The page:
New Hope For Alzheimer’s Treatment

Kylie Gil, Media Writer

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Alzheimer’s disease is a progressive brain disease that slowly destroys brain cells and memory. The Alzheimer’s Association has estimated the number of 5.7 million Americans spanning almost every age group have been living with Alzheimer’s since 2018. More than 5.5 million people diagnosed with Alzheimer’s are over the age of 65, accounting for 96% of total Alzheimer’s patients. Alzheimer’s is highly prevalent among senior citizens; one in ten people who are within the age of 65 and older are diagnosed with the disease. To this day, there is still no cure for Alzheimer’s.  Due to new scientific advances in medicine, the possibility of a cure for Alzheimer’s has provided a beacon of hope for many families across the globe. Junior Isabelle Martin expressed, “I’m hoping and praying that one day a treatment will be invented so that my grandma can go back to the way she was before she had Alzheimer’s.”

Recently, the genetic makeups of more than 94,000 clinically diagnosed Alzheimer’s patients were analyzed in both Europe and the United States. The discovery of four new genetic variants, conducted by a genetics company known as Nature Research, which works to increase the risk for developing neurodegenerative diseases, such as Alzheimer’s and dementia, was led by the analyses. Researchers in charge of the study also found out that these genes, as well as others that have been previously identified, appear to affect the development of the disease by working in tandem to control body functions.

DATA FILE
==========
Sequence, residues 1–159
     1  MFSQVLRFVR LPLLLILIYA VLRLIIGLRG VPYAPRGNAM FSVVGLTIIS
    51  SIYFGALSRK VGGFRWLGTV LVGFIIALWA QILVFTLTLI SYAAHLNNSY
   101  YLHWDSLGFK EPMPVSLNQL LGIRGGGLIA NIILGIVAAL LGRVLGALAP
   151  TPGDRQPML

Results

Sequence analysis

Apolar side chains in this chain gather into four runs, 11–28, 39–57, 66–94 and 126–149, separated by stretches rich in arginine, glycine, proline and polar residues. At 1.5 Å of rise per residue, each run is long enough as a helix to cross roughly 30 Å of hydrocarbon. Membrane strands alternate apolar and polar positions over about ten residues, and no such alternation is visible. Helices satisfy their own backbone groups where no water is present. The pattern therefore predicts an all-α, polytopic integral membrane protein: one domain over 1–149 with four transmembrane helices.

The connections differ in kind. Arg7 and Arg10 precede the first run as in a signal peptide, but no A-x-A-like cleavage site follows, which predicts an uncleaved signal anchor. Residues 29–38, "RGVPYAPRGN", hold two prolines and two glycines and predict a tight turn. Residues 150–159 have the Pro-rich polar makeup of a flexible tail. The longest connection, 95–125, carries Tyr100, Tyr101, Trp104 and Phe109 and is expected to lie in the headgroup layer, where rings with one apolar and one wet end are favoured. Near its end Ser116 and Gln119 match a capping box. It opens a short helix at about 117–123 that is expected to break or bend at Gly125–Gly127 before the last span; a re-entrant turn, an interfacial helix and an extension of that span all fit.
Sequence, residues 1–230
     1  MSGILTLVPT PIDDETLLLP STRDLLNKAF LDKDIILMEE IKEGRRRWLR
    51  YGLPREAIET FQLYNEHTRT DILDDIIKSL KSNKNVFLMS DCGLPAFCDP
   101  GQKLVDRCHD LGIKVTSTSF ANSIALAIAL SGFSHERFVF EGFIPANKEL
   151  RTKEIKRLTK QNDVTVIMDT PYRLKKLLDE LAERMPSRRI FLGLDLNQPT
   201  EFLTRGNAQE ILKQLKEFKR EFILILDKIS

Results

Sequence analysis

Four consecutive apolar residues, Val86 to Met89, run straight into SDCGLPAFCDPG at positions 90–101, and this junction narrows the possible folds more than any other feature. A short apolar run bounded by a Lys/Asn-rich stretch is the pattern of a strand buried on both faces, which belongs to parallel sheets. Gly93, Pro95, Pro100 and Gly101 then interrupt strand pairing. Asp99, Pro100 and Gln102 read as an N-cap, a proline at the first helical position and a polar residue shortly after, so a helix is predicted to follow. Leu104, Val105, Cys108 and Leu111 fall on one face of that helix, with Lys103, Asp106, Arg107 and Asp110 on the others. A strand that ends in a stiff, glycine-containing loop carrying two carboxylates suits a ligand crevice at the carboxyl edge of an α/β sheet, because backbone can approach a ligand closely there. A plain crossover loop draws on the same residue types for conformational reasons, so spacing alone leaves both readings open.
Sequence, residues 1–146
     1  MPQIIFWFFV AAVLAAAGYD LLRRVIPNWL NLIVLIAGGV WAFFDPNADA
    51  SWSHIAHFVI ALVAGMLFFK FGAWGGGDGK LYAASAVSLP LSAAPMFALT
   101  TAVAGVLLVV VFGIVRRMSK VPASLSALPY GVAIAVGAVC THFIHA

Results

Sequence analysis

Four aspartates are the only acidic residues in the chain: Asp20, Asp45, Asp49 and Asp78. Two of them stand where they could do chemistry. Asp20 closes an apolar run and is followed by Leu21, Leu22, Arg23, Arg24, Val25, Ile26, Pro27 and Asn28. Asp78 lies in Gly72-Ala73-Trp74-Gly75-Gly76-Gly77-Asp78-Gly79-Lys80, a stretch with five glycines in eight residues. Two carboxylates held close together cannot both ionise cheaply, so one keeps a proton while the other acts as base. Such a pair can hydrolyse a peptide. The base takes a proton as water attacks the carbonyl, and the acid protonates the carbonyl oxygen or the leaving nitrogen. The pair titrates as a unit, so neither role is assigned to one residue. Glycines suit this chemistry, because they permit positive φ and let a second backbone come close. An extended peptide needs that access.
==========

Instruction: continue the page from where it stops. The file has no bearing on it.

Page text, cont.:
After more in-depth examinations of the genes are underway, scientists will be able to better understand their specific functions. How the genes affect Alzheimer’s development is currently under close investigation. Researchers are hoping to begin developing potential new drug treatments in the near future. Senior John Gomes stated, “I think medicine and our knowledge about brain diseases are improving rapidly which is a step in the right direction if we want to try and find a cure for Alzheimer’s someday.”

Recently, another antibody that is currently being tested, has also been providing a beacon of hope for Alzheimer’s patients and their families. Sophomore Gaby Martinez said, “I truly hope that more will be done to treat or cure Alzheimer’s as I know how hard it is for many people around the world who are suffering.” The antibody, called aducanab, has begun to show some promise in helping people to cope with the onset symptoms of Alzheimer’s. However, it is still unclear as to whether or not treatments, such as the antibody, can put a halt to or reverse the decline in memory and cognitive brain functions caused by Alzheimer’s.

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